WASHINGTON — A U.S. Space Force mission scheduled to launch June 13 on a Northrop Grumman Pegasus XL rocket is a monitoring satellite intended to provide “space domain awareness,” chief of space operations Gen. John Raymond said June 10.
The mission named TacRL-2 is a technology demonstration satellite for the Space Force’s tactically responsive launch program, an effort to figure out ways to shrink the timelines for planning space missions. Raymond said the satellite was developed in less than a year and the launch provider was given 21 days notice to get ready for the flight.
“A year ago I challenged our acquisition organization to develop a capability in tactical timelines, integrate it onto a launch vehicle and launch it, and let’s see how fast we can do it,” Raymond said on a webcast event hosted by the Council on Foreign Relations.
He said the satellite was built by a secretive organization called “Space Safari” modeled after the Air Force’s Big Safari program started during the Cold War for special-mission aircraft.
“In less than a year they took satellite components off the shelf, married them up with a satellite bus that was off the shelf, and put them together in a space domain awareness satellite,” said Raymond. The launch was awarded to Northrop Grumman under the Orbital Services Program-4.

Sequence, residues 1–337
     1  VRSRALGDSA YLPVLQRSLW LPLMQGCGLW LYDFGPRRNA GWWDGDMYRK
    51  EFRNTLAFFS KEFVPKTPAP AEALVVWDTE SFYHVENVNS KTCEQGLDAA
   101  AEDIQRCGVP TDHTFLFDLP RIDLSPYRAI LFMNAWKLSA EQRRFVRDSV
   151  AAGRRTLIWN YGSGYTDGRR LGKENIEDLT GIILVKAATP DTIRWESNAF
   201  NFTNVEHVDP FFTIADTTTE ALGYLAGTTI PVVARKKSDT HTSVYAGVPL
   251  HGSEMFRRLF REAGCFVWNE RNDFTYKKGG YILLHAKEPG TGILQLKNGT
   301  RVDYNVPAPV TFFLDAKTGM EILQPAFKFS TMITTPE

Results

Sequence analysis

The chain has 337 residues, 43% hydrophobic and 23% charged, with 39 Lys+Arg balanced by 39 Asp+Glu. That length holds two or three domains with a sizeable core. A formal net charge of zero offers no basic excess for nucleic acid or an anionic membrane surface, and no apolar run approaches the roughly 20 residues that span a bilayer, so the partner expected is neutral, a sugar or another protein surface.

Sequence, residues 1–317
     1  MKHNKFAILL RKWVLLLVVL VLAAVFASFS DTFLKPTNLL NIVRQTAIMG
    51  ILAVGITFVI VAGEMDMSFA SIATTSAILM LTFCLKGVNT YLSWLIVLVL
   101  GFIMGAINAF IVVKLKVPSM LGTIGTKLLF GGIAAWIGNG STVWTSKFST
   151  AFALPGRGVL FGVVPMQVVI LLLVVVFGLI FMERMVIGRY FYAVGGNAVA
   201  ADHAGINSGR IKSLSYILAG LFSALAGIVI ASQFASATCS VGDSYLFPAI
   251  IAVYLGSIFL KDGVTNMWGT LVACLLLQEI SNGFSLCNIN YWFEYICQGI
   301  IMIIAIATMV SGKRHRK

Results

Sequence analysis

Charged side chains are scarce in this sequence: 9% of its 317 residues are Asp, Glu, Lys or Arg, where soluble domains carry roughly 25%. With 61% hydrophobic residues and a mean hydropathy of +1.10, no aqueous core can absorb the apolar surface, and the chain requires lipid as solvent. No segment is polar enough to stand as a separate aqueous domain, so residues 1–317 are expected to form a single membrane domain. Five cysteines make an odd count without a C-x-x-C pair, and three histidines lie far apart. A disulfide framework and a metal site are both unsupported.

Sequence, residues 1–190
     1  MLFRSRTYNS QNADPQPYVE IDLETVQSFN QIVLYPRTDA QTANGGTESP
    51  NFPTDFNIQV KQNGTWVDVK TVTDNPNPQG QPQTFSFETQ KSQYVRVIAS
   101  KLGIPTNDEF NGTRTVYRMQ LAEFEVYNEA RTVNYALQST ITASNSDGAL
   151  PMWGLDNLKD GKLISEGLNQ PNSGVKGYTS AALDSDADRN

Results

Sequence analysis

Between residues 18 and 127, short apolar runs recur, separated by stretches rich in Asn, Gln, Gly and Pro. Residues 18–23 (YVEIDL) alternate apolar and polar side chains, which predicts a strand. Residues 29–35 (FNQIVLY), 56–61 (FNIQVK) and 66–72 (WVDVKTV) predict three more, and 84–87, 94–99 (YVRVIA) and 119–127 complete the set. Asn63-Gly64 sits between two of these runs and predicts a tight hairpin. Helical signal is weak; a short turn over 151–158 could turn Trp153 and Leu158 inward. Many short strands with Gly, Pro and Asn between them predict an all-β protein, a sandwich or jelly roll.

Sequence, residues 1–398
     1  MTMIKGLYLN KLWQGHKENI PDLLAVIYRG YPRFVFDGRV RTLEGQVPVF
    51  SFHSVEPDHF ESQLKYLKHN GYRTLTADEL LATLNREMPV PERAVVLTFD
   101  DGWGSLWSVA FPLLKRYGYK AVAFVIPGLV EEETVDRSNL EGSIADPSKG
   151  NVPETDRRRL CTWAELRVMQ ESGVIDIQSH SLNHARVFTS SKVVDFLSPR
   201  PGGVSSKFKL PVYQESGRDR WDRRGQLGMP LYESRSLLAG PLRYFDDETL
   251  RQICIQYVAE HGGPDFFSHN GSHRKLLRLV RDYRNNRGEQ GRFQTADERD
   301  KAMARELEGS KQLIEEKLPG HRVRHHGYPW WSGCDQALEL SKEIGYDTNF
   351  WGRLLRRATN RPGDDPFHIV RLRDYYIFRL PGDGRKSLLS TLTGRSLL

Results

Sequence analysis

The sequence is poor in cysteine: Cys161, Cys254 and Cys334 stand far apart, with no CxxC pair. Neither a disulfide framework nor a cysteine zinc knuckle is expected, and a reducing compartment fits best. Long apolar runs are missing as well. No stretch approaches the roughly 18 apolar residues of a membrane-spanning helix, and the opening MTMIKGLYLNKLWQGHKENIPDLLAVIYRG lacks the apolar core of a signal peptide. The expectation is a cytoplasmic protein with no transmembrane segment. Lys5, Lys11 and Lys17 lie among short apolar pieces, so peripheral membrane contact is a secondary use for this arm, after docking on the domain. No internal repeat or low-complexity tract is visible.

TacRL-2 will be air-launched on a solid-fueled Pegasus XL rocket released from a Lockheed L-1011 TriStar carrier aircraft. The mission will fly from Vandenberg Space Force Base, California. According to SpaceFlightNow.com the $28 million contract to Northrop Grumman was awarded last July but first disclosed in March.
Satellite tracker Marco Langbroek said on Twitter that the lineup of the hazard areas provided in navigational warnings suggest the satellite is being deployed to a polar and likely sun-synchronous orbit.